And here I observe, in the first place, that it is no easy matter either for him or for me to calculate the number of



conversions that are made, on both sides, by priests armed with the secular power, and protestant ministers discouraged by the frowns of government and the terrors of persecution. If we judge of this matter by the external face of things, the calculation may, indeed, he favourable to his hypothesis, since the apostate protestant comes forth to view, and is publicly enrolled in the registers of the church, while the converted papist is obliged to conceal his profession, and to approach the truth, like Nicodemus, secretly and by night. This evident diversity of circumstances, in the respective proselytes, shows that we are not to form our judgment by external appearances, and renders it but equitable to presume, that the progress of knowledge may have produced many examples of the progress of reformation, which do not strike the eye of the public. It is not, in effect, to be presumed, that if either a toleration, or even an indulgent connivance, were granted to French protestants, many would appear friends of the reformation, who, at present, have not sufficient strength of mind to become martyrs, or confessors, in its cause. History inforns us of the rapid progress the reformation made in France in former times, when a legal toleration was granted to its friends. When this toleration was withdrawn, an immense number of protestants abandoned their country, their relations, and their fortunes, for the sake of their religion. But when that abominable system of tyranny was set up, which would neither permit the protestants to profess their religion at home, nor to seek for the enjoyment of religious liberty abroad; and when they were thus reduced to the sad alternative of dissimulation or martyrdom, the courage of many failed, though their persuasion remained the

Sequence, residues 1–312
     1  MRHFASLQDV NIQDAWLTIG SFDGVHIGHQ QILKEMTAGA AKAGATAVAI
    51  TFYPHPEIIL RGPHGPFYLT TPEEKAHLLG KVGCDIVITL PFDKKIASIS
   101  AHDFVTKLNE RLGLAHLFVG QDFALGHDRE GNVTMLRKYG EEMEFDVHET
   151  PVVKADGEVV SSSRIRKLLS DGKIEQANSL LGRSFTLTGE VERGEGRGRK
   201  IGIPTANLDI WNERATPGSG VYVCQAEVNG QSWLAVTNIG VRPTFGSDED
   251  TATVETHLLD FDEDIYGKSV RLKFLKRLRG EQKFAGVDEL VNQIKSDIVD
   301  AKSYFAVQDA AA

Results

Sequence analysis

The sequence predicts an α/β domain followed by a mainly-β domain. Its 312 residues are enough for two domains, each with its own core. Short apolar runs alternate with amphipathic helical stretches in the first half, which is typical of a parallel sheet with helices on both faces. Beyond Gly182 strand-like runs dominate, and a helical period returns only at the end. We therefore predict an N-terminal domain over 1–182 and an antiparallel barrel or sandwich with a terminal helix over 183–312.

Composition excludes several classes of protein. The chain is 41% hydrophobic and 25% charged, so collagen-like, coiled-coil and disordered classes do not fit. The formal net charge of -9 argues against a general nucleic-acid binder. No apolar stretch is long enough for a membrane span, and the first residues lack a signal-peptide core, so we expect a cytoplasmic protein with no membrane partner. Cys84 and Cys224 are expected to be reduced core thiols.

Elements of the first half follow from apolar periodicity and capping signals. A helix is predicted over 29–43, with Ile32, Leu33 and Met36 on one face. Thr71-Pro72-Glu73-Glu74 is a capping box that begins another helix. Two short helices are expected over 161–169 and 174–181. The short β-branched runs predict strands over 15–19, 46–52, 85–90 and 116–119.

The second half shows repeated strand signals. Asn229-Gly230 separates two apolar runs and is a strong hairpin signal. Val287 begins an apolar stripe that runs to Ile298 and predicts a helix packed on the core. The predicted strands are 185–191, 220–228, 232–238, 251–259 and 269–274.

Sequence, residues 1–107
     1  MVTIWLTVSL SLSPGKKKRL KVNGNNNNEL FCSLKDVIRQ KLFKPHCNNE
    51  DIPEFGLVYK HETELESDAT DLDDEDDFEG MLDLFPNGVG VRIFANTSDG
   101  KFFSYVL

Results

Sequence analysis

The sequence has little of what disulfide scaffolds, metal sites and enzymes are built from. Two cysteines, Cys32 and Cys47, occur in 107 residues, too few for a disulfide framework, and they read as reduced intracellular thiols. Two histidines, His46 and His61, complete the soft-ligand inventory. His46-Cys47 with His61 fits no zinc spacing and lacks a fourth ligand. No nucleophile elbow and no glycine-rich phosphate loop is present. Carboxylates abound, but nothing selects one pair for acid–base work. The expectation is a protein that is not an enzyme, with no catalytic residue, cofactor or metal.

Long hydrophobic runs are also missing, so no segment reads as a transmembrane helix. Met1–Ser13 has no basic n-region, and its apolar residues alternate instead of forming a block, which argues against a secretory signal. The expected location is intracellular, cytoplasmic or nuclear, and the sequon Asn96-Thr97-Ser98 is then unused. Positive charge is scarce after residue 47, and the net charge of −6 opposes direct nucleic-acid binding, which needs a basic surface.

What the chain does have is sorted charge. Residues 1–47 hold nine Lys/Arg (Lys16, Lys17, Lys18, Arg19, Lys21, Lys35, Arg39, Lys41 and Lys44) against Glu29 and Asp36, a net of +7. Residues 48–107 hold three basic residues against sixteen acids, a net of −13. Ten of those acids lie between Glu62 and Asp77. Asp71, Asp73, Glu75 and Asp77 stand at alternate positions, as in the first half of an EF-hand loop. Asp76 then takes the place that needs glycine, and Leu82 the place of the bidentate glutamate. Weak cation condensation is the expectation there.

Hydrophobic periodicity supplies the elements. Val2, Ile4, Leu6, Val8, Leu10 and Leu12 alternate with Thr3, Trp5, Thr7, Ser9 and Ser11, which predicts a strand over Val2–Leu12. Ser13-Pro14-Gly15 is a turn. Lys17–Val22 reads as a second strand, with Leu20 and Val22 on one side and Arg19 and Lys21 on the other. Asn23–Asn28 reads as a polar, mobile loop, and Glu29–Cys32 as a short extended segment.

In the south of France many continued, and still continue, their profession, even in the face of those booted apostles, who are sent, from time to time, to dragoon them into popery. In other places, particularly in the metropolis, where the empire of the mode, the allurements of court favour, the dread of persecution, unite their influence in favour of popery, the public profession of protestantism lies under heavy discouragements, and would require a zeal that rises to heroism; a thing too rare in modern times ! in a word, a religion, like popery, which forms the main spring in the political machine, which is doubly armed with allurements and terrors, must damp the fortitude of